Bruker Introduces New Multimodal Preclinical Imaging Animal Bed

20 Sep 2013
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Today, at the 2013 World Molecular Imaging Congress (WMIC), Bruker introduces a new multimodal animal bed enabling multiple sequential imaging sessions in preclinical research with robust repositioning between scans, while avoiding unwanted motion of the animal during the investigation. This optimizes results for image fusion, combined processing and evaluation of preclinical research applications requiring multiple imaging modalities across multiple systems. The multimodal animal bed is compatible with most Bruker preclinical imaging systems, including the BioSpec® and ICON™ systems for MRI, Albira™ for PET/SPECT/CT, SKYSCAN 1176 for micro-CT, and Xtreme for Optical Molecular Imaging.

“We are absolutely thrilled about this animal bed platform,” said W. Matthew Leevy, Ph.D., Director of Biological Imaging at the University of Notre Dame, Indiana. “It will enable rapid image fusion between any of the eight imaging modalities within our core facility at Notre Dame, and result in higher orders of non-invasive, multimodal imaging experiments.”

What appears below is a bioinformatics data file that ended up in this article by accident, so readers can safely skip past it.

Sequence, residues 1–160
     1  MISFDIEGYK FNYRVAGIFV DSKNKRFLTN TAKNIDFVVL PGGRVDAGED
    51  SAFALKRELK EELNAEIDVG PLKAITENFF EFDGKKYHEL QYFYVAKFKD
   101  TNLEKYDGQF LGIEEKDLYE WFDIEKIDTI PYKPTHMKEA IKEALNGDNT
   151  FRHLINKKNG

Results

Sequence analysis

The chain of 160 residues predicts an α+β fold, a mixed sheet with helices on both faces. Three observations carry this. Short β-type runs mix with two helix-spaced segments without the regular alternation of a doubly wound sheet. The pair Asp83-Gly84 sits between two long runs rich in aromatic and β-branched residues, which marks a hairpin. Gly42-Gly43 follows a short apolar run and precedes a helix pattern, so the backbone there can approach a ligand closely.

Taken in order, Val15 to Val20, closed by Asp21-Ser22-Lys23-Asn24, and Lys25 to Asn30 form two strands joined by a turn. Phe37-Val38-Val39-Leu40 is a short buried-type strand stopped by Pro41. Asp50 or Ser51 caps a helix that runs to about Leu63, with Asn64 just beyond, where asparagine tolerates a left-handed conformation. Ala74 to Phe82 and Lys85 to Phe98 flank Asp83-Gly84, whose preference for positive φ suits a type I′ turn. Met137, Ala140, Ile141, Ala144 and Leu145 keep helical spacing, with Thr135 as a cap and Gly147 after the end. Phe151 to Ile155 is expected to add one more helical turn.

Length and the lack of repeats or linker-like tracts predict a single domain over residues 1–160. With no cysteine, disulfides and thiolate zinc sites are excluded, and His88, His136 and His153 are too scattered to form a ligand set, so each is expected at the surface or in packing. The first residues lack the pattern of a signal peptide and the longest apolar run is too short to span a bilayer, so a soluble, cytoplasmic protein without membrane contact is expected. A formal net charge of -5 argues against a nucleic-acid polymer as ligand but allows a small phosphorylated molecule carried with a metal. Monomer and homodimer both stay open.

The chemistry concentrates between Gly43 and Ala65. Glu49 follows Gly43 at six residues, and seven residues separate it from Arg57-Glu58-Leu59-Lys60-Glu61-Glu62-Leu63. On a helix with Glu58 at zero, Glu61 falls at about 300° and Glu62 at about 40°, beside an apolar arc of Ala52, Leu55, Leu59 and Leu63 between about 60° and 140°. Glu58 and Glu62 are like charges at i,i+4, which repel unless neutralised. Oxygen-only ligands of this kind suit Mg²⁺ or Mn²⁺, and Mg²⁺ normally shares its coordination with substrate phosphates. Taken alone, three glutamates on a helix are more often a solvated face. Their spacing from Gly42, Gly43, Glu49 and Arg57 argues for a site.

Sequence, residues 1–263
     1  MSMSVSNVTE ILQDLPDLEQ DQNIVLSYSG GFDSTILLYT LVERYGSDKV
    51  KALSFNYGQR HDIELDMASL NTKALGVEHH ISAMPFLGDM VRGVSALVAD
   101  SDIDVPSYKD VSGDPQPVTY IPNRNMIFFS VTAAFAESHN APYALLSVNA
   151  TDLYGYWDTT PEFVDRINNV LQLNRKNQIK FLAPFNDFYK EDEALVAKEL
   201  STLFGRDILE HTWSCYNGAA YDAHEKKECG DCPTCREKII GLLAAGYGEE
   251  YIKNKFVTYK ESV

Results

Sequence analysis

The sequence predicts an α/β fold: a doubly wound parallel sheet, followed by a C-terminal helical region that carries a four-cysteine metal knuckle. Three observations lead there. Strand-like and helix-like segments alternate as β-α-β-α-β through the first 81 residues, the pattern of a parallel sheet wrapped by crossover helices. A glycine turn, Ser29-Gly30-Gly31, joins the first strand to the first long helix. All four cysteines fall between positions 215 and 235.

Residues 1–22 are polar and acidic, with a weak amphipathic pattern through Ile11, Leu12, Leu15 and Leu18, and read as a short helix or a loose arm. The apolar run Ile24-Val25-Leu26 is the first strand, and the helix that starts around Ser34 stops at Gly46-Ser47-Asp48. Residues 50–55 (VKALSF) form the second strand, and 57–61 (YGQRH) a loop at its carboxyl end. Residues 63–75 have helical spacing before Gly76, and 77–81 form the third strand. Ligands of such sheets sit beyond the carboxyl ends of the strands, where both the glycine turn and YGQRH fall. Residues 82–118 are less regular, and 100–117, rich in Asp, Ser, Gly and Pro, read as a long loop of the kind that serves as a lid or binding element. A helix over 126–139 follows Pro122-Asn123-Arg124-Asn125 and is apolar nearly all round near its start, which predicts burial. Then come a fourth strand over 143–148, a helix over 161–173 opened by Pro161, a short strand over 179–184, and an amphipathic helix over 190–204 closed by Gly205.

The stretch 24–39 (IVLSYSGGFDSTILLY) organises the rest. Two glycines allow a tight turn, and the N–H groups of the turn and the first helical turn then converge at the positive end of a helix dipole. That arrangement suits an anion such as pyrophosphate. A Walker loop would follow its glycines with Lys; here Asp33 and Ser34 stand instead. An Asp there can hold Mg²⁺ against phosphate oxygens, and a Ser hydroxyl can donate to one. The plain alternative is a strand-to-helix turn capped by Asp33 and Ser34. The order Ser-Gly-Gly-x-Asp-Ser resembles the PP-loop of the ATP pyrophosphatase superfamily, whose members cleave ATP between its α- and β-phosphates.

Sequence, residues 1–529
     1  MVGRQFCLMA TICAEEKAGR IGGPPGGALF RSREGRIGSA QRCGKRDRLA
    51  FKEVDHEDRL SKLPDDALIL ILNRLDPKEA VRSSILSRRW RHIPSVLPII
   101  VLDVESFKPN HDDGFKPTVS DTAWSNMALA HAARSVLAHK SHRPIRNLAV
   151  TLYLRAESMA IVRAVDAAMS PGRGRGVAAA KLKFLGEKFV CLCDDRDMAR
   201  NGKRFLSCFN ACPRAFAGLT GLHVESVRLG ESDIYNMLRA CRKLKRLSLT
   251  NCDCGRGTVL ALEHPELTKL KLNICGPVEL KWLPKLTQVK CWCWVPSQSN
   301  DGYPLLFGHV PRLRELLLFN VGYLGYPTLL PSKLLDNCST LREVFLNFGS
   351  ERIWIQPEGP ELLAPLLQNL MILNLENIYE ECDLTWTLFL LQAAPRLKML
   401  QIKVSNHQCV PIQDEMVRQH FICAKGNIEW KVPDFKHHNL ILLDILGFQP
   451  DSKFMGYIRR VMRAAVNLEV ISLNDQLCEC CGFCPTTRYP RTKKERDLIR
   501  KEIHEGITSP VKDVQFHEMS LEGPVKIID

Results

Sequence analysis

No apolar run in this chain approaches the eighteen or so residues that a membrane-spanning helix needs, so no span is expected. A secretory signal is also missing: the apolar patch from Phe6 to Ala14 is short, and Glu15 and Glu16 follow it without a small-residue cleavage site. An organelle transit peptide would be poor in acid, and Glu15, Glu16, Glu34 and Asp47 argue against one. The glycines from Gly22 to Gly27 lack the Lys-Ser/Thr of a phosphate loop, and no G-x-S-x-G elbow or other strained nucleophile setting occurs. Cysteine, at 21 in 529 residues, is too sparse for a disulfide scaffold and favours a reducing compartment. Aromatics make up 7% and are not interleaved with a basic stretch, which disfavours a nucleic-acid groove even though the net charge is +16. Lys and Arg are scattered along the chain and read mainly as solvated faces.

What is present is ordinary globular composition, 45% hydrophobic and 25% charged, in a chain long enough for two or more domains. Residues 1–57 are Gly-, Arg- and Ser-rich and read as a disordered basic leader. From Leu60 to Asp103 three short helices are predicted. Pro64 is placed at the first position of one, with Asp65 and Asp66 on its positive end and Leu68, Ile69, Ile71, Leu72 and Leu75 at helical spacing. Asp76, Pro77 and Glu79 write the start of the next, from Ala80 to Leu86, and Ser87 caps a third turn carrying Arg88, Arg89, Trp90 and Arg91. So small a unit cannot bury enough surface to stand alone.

High precision animal positioning is achieved due to an intrinsic registration system that provides a joint reference point on each connector within Bruker’s preclinical imaging systems. Based on this information, data combination through image superposition can be performed automatically and accurately. The quick-lock connector offers identical interfaces for animal supervision and care, including anesthesia, warming, respiratory control, 3-point ECG for heart rate, and body temperature sensor. The life signals may be used for gating and triggering experiments. In addition, the closed design of the cassettes guarantees safe removal of the anesthetic gases and maximum reproducibility during co-registration of the data.

“We are very pleased with this important new development uniquely available from Bruker,” stated Dr. Tim Wokrina, Global Product Manager for MRI at Bruker BioSpin. “A robust multimodality imaging workflow today is key for the success of many modern preclinical imaging laboratories. In addition to higher productivity, one also significantly improves on image quality.”

The multimodal animal bed system will initially be delivered with a 30 mm cassette for mouse imaging. A larger cassette for rat imaging applications will follow in 2014. Bruker imaging systems offer standardized DICOM export to enable easy and automated co-registration of images, joint processing and evaluation with maximum precision.

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